Of course you’d think the bright set would know that:
Gone with the wind? Hurricanes could destroy the offshore wind farms the US is planning to build in the Atlantic and the Gulf of Mexico.
The US Department of Energy set a goal for the country to generate 20 per cent of its electricity from wind by 2030. One-sixth is to come from shallow offshore turbines that sit in the path of hurricanes.
Talk about a “d’oh” moment.
Stephen Rose and colleagues from Carnegie Mellon University in Pittsburgh, Pennsylvania, modelled the risk hurricanes might pose to turbines at four proposed wind farm sites. They found that nearly half of the planned turbines are likely to be destroyed over the 20-year life of the farms. Turbines shut down in high winds, but hurricane-force winds can topple them.
You don’t say. Each wind farm costs about $175 million.
Safe, reliable and eco-friendly – well except for the birds they regularly grind up. But hey, in the ocean those birds drop into the sea and no one ever sees them. They provide chum for the fish (if a bird gets chopped up in the ocean and no one sees it does it make a sound?).
That’s good … right? No? I’m confused. PETA, where are you?
Reading the obvious and understanding that they’re going to do this anyway (somewhere in this you, Mr and Mrs. Taxpayer, are paying a hefty chunk of the bill and taking most of the risk) makes you realize how, well, “not so bright” many of those who “lead” us are or how much they really don’t care about the outcome of what they do if it satisfies some voting constituency. As long as they have access to your tax dollars or borrowed dollars with little or no accountability, this sort of nonsense will continue unabated.
And the hits keep on coming. Now it is hurricane data being called into question:
More trouble looms for the IPCC. The body may need to revise statements made in its Fourth Assessment Report on hurricanes and global warming. A statistical analysis of the raw data shows that the claims that global hurricane activity has increased cannot be supported.
Dr. Les Hatton says he is neither “a warmist nor a denialist”, but a scientist. And as a scientist he took a look at the IPCC’s claims about hurricanes and found them wanting:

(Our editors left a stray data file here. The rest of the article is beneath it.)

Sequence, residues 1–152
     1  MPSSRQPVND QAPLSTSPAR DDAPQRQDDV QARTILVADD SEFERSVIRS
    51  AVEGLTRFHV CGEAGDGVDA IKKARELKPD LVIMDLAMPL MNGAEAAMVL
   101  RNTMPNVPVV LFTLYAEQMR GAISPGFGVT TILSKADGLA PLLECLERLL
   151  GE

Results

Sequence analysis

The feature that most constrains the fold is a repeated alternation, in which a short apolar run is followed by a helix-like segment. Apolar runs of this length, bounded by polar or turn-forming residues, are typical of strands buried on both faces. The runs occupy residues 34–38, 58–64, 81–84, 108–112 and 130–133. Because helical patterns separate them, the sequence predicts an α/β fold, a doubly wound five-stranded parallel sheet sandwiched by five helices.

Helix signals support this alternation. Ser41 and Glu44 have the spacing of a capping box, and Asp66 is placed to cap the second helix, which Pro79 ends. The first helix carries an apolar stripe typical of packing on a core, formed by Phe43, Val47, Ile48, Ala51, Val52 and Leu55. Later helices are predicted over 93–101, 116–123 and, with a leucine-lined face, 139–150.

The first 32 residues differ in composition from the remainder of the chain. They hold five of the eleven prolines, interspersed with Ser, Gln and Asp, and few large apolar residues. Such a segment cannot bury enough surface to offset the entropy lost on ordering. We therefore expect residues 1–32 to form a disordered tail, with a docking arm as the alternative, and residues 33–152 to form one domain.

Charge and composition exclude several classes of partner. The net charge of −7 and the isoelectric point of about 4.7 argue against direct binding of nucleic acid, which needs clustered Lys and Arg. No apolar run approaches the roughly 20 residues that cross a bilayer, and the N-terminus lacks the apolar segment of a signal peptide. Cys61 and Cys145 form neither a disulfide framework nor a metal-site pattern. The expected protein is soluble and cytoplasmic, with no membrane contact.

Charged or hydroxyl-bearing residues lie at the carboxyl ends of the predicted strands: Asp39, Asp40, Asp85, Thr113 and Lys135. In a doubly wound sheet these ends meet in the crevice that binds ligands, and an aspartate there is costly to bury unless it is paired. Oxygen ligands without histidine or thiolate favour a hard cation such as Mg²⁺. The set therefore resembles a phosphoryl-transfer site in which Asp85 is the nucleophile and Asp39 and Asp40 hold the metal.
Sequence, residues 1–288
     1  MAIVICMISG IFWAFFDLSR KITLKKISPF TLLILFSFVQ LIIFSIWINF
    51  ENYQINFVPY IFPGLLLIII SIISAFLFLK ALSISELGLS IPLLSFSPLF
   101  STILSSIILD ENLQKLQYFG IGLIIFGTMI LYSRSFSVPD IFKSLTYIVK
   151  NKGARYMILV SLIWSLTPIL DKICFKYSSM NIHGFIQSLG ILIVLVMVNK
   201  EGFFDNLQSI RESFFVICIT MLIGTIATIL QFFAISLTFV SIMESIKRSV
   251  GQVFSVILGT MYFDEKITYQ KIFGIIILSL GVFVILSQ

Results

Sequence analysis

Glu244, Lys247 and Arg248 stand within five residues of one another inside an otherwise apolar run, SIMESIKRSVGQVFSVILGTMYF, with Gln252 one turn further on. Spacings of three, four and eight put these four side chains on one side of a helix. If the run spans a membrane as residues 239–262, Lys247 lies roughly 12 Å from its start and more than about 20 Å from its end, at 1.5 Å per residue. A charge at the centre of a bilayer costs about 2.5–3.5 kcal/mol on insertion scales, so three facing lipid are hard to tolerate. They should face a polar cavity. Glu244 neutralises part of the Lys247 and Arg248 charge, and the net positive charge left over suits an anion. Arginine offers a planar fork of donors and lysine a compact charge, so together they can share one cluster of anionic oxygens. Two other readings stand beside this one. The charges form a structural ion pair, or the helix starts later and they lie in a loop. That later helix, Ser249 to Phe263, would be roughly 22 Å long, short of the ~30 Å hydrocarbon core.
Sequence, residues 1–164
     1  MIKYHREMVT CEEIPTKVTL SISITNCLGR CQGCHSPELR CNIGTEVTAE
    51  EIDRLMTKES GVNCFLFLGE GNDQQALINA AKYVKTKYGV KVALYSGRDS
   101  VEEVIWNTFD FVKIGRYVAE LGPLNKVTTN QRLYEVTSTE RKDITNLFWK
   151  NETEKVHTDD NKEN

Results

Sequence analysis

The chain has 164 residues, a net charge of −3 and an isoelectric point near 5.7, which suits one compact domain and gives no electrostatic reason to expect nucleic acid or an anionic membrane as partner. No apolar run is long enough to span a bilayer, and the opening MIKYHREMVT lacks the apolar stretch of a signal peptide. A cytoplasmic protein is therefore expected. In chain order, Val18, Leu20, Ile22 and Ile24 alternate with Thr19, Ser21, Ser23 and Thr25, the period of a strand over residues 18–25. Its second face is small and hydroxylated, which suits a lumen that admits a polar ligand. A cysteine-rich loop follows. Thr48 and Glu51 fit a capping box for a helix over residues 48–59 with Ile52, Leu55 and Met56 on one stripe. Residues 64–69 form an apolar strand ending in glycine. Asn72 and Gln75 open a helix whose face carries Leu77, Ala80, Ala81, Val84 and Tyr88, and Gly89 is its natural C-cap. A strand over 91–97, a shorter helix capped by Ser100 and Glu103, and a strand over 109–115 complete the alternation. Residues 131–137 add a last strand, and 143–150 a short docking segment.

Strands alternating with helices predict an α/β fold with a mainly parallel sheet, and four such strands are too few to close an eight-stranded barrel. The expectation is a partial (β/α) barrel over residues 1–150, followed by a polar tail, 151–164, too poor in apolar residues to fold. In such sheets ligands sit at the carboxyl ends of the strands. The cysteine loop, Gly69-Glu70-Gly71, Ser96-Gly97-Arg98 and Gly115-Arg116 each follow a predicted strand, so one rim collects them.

Hatton performed a z-test statistical analysis of the period 1999-2009 against 1946-2009 to test the six conclusions. He also ran the data ending with what the IPCC had available in 2007. He found that North Atlantic hurricane activity increased significantly, but the increase was counterbalanced by diminished activity in the East Pacific, where hurricane-strength storms are 50 per cent more prevalent. The West Pacific showed no significant change. Overall, the declines balance the increases.
“When you average the number of storms and their strength, it almost exactly balances.” This isn’t indicative of an increase in atmospheric energy manifesting itself in storms.
Says Hatton, after running his statitistical analysis and reading the IPCC report, he found it’s conclusions could not be supported by the data:
The IPCC continues: “It is more likely than not (> 50%) that there has been some human contribution to the increases in hurricane intensity.” But, as Hatton points out, that conclusion comes from computer climate models, not from the observational data, which show no increase.
“The IPCC goes on to make statements that would never pass peer review,” Hatton told us. A more scientifically useful conclusion would have been to ask why there was a disparity. “This differential behaviour to me is very interesting. If it’s due to increased warming in one place, and decreased warming in the other – then that’s interesting to me.”
It would be interesting to others as well since it might indicate the observed warming was a result of regional weather, not global warming. Hatton has put his work on his personal web site (you can see it here) and issued an open invitation to prove his analysis wrong. Al Gore has said he’ll get right on it.